Easter Holidays Top

Germany celebrates Easter with lamb cake, colored eggs and a bonfire

The flowering Easter bush with painted, colorful eggs. (Lina Marie Schulenkorf/YJI)
The lamb-shaped Easter lamb is made from sponge cake and eaten for breakfast and tea. (Lina Marie Schulenkorf/YJI)

Dresden, GERMANY – There is probably no more stressful time than the days leading up to Easter. But all the stress is forgotten when the actual celebrations begin on Easter Sunday.

My family’s Easter tradition is shaped by different German cultures and ways of celebrating Easter, which vary not only from family to family, but also from region to region.

For me, Easter begins on Maundy Thursday. This is when we traditionally cut branches from fruit trees, which we then place in a vase and decorate with colorful eggs.

The painting of these blown-out eggs alone is a tradition in itself, where the eggs are painted and collected over the years to decorate these branches. The typical Saxon, Sorbian way of painting Easter eggs with wax is particularly elaborate.

In general, the egg plays an important role in German Easter, as it symbolizes the resurrection of Jesus, which is celebrated at Easter. In addition, it used to be forbidden to eat eggs during Lent – the 40 days leading up to Easter – but the hens still laid them, so they were boiled and colored.

On the one hand, they were dyed red to commemorate the suffering of Christ, but also to distinguish the old eggs from the new eggs and make them last longer. In the Middle Ages, the egg was also a way of settling debts with the feudal lord.

In modern times, however, eggs are no longer used for these purposes, but primarily to decorate and delight children.

On Easter Sunday, the Easter Bunny – a symbol of fertility – hides eggs and sweets all over the garden for the children to find.

An Easter egg in its hiding place. (Lina Marie Schulenkorf/YJI)

However, a lot more happens before the Easter egg hunt.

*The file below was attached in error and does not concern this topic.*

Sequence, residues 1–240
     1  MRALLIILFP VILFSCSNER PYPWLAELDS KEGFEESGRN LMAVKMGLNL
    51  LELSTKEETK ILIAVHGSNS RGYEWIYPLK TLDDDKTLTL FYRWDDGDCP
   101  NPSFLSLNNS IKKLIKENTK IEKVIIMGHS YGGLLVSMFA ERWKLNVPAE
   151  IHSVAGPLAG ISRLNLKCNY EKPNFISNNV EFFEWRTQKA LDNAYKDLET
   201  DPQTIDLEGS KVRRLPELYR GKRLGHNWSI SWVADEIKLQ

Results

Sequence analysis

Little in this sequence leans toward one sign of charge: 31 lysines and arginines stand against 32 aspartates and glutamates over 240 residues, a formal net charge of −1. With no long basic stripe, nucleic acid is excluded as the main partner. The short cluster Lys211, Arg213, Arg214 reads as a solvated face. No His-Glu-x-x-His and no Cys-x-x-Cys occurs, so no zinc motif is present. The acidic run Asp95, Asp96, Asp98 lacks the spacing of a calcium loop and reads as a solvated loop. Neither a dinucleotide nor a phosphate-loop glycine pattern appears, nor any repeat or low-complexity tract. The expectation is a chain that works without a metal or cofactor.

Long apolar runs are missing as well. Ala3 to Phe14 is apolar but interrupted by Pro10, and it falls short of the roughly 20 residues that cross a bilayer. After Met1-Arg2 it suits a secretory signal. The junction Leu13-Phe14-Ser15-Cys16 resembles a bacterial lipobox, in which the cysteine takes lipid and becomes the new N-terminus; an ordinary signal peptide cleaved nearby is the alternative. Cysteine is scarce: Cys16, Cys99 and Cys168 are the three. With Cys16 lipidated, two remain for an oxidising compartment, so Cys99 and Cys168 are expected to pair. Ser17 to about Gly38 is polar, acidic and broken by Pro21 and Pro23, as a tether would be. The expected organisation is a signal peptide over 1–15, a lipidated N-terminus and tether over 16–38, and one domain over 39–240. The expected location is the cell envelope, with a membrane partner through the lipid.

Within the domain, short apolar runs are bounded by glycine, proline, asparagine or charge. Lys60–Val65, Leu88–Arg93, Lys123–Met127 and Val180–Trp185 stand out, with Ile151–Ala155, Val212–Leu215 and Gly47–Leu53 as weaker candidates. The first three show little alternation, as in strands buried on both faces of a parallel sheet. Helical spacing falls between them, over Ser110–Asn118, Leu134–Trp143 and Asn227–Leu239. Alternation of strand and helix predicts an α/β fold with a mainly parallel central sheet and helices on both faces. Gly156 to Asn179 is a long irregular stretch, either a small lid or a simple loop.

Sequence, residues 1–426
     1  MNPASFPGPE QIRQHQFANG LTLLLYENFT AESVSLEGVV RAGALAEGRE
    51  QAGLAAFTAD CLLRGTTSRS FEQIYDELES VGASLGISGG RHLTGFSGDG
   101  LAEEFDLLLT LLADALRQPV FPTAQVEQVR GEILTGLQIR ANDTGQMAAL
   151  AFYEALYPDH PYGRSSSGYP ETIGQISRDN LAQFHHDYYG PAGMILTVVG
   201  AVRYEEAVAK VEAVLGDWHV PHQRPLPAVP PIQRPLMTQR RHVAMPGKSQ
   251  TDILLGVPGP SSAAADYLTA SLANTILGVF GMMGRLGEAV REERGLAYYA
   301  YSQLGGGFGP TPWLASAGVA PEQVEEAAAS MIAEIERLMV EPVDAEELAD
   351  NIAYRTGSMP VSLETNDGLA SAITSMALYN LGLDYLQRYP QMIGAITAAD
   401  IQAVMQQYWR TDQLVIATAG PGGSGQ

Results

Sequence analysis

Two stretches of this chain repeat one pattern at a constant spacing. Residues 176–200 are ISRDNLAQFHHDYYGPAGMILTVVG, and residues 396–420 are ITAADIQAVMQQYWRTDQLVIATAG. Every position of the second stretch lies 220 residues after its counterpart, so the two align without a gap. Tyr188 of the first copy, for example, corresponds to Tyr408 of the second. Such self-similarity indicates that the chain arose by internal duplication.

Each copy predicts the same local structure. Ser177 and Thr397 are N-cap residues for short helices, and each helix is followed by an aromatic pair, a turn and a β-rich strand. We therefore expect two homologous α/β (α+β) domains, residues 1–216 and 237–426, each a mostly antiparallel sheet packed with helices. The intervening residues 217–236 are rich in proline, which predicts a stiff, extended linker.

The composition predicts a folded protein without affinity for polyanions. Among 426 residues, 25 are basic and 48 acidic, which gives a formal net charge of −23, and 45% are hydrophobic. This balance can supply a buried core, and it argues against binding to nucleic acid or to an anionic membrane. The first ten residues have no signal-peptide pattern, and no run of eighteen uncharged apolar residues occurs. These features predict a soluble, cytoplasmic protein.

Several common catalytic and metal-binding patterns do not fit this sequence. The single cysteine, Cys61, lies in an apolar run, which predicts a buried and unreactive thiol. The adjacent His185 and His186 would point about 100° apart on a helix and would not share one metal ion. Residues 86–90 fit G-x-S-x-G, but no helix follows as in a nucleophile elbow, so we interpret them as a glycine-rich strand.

Of course, this includes the typical church Mass and the preparation for Easter by baking Easter bread, which is a sweet yeast dough with almonds, sultanas and sugar icing. People make Easter lambs and the yeast plait, as well as cook and color eggs.

In some German regions, fountains are decorated with wreaths. On Holy Saturday, the Easter Vigil takes place in the evening. The priest tells jokes during the sermon for Easter laughter and the Easter fire is also lit.

A traditional Easter breakfast with Easter candle, yeast plait, Easter lamb cake and Easter decorations. (Lina Marie Schulenkorf/YJI)

While this was actually mainly used to light the Easter candle, the Easter bonfire soon became an established custom and meeting place for neighbors, friends and relatives.

People used to dance around the Easter bonfire and, according to superstition, jumping over the bonfire was said to protect against and cure illnesses. An unsuccessful jump and fall, on the other hand, heralds death, which will take place in the same year.

Easter water is drawn from streams between midnight and sunrise, promising health, beauty and eternal youth. Children who are baptized in Easter water are also said to become exceptionally intelligent.

On the Easter Sunday morning, there is of course a lavish Easter breakfast with boiled eggs, yeast plait and Easter lamb, as well as the so-called Easter ride after the Easter service in the Sorbian communities.

The Sorbian men in frock coats ride on decorated horses with banners, statues of Christ and crosses to neighboring villages to proclaim the message of Jesus’ resurrection. Prayers and songs are sung along the way and in the neighboring parish.

The procession circles the village square once, where there is another prayer and blessing. The visiting riders are cared for and a similar visit is paid to the visiting village – although the two processions are not allowed to cross paths.

The Easter egg hunt and the Easter walk then round off Easter Sunday, while Easter Monday usually serves to wind down the long weekend.

Lina Marie Schulenkorf is a Reporter with Youth Journalism International.

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